2. Ms. Maud,
    Well, I need to hear from you and Gloria Steinem on this.
    As I read it, and correct me if I'm wrong, the idea of a 17 year old boy having sex with a 30 year old woman is repugnant only to the boy's parents, and not even to all parents. But the idea of a 17 year old girl having sex with a 30 year old man, is repugnant and becomes "child abuse" in many cultures outside the Game of Thrones. I'm not sure why this is, but there's a "yuck" factor, apparently, which explains why there's the phrase "dirty old man" but no such complimentary phrase as "dirty old woman."

    Why we even need to throw a discussion of sexuality into the Utopian dream, I'm not clear, but most of the famous Utopias which which I'm familiar spent significant time on the subject. Even the Shakers, as I understand it, weighed in.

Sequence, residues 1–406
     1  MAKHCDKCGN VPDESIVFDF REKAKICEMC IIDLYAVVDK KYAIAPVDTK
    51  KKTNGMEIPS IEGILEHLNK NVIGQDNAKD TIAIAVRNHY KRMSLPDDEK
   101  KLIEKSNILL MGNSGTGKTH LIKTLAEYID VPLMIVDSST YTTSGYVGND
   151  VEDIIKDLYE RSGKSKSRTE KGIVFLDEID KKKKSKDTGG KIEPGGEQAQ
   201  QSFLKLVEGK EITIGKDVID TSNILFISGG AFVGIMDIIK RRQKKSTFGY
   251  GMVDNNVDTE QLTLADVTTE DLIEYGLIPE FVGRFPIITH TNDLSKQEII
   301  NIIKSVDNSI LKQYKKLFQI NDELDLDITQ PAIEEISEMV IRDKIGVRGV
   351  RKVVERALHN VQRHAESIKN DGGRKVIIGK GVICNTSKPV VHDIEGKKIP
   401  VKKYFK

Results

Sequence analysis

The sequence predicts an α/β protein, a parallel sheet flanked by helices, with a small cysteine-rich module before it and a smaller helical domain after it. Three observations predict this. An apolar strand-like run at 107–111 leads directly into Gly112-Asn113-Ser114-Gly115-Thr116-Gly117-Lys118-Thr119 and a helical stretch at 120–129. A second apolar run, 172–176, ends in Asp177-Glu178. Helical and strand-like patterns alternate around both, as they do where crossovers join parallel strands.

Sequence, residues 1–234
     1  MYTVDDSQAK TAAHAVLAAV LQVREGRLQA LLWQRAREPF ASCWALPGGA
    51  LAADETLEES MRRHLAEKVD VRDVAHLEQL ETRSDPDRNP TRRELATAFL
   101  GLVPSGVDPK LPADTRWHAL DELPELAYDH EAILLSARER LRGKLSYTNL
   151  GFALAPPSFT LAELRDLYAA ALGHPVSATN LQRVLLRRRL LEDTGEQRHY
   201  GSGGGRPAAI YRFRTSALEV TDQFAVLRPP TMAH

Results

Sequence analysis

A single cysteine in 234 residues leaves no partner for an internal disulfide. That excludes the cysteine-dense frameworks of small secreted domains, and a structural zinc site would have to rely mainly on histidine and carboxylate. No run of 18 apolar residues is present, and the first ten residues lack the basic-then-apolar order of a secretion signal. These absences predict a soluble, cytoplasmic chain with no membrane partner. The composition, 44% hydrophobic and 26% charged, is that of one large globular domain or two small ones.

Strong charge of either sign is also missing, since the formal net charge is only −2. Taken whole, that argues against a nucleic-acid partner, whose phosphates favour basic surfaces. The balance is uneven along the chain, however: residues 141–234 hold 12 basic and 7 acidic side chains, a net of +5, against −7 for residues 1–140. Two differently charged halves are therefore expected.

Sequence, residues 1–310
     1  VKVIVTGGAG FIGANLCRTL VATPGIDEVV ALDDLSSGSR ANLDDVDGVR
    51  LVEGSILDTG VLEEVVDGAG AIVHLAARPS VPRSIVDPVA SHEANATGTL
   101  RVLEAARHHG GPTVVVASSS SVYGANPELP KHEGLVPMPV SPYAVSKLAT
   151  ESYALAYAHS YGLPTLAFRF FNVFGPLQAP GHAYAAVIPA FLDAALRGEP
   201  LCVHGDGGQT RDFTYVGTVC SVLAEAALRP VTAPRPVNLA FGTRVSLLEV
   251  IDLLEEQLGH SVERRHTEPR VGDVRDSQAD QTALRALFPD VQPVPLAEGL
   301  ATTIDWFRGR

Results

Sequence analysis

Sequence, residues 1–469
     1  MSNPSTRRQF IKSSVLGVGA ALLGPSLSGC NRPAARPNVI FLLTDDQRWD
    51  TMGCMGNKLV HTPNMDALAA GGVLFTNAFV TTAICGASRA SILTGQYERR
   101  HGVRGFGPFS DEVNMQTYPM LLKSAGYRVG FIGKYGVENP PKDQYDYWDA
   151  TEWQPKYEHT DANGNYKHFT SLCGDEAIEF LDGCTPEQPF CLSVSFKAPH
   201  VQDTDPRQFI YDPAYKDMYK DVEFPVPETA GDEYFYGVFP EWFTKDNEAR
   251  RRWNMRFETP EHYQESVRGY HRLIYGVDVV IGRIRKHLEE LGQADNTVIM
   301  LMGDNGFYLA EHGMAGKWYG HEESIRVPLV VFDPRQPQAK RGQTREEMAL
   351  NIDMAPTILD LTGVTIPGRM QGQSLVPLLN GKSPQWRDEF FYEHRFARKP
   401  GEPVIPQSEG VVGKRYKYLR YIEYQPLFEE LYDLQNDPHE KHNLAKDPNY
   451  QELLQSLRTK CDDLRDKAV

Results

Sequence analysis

Only George Bernard Shaw's utopia in Major Barbara did not mention it much--he focused on the economics, saying if people made enough money, everything else would take care of itself.

    You'll notice I did not mention religious institutions at all. I believe the American experiment got that right with a tolerance for people to choose whatever they like. Only the Bible thumpers, with their insistence that their beliefs guide life for everyone else have damaged that hands off approach.
    But, to answer your question, I have no problem with providing girls with whatever access to the WWS they choose. I presume their parents would want a say in this.

    Mad Dog